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Trastevere - Testaccio
Our “food trails” wind their way through working-class neighbourhoods where this traditional food continues to thrive. Districts like Trastevere and Testaccio that[...]
A whole month to spend in Rome developing a photographic project and immortalizing the city that made the history of civilization, its most representative monuments and its hidden[...]
Trastevere, the heart of the city, home to major Italian dialectical poet Gioachino Belli and the inspiration for another, Trilussa. It is precisely here that Roman plebeians were born and raised. Amid piazzas, its “Fontanone” fountain and cobblestoned streets, the “Trasteverini” led in ancient times the lives of the common people, whose pride and sincere character as well as beautiful women set them apart from the “nobility”. Today the district is still amongst Rome’s most beautiful and characteristic: the hub of nightlife and wining and dinning, an open air theatre of marvellous piazzas (Piazza Trilussa, Piazza Santa Maria in Trastevere, Piazza San Cosimato ..), churches and historical alleys, all of which are marked by that distinctive timeless “Roman” flavour.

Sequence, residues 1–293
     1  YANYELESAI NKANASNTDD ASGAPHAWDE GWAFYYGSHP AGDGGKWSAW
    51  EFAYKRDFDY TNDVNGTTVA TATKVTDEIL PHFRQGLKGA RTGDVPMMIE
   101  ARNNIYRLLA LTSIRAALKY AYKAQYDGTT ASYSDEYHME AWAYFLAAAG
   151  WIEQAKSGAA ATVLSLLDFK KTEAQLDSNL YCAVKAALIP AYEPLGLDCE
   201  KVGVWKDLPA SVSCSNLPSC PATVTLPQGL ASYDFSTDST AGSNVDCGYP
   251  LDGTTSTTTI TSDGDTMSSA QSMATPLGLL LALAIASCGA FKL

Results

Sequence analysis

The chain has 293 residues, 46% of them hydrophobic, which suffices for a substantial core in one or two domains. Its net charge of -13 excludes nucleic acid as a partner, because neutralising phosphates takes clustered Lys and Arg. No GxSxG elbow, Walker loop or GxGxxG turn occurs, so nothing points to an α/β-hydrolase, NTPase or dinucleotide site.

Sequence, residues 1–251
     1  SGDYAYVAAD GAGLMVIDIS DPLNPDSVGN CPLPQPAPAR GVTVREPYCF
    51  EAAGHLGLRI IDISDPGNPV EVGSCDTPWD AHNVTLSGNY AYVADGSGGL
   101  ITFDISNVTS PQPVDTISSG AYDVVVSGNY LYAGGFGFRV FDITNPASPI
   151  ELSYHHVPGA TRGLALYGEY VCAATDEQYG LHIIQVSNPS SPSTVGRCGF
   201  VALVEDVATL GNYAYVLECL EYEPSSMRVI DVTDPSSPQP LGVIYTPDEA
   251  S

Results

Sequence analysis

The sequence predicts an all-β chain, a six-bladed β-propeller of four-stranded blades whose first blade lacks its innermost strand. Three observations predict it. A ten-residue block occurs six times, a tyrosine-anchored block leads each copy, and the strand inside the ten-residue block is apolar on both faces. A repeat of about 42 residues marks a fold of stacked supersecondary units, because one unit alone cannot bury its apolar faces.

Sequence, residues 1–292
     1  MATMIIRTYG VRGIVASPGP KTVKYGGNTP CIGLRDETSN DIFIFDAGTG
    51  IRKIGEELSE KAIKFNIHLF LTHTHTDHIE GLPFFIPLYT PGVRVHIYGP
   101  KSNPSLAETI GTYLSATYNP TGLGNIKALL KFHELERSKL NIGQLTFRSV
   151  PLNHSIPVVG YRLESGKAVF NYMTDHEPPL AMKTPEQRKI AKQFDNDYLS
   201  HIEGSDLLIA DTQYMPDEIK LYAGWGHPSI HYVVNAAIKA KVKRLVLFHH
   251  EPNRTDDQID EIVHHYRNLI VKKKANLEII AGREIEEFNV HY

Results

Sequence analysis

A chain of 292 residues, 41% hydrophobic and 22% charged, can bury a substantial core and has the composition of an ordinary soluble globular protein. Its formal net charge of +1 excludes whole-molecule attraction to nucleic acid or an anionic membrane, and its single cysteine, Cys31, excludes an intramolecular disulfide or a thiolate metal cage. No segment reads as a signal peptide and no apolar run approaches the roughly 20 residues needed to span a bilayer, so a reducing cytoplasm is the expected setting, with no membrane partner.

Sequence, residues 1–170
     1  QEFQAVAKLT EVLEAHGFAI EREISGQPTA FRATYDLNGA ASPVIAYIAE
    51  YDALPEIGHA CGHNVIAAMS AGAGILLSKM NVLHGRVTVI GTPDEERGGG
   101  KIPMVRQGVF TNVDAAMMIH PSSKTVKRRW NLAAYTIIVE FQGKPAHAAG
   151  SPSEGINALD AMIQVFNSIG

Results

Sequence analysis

There is nothing more pleasant than an evening stroll through Testaccio, the working-class district, situated between Via Marmorata, the Aurelian Walls and the River Tiber, where true Roma soccer supporters are born and bred. Sense the rather original atmosphere of a zone heaving with restaurants, bars and clubs, making the area around Monte Testaccio highly popular with night-lifers.
The Monte dei Cocci, or Monte Testaccio, is a real and proper “waste tip”, an artificial mound dating from the Roman era rising in the very heart of the city. The ancient Romans in fact used to dump their broken pieces of pottery and fragments of oil amphorae which had arrived for market and been unloaded at the nearby river port on the Tiber. This gathering pile of earthenware over time swelled into a hill, where today a pleasant stroll may be taken hunting for exciting relics dating from the third century A.D. Then in the following centuries, grottos were dug, used as cellars and stables, which have been turned into restaurants and disco-pubs, popular haunts for the nightlifers.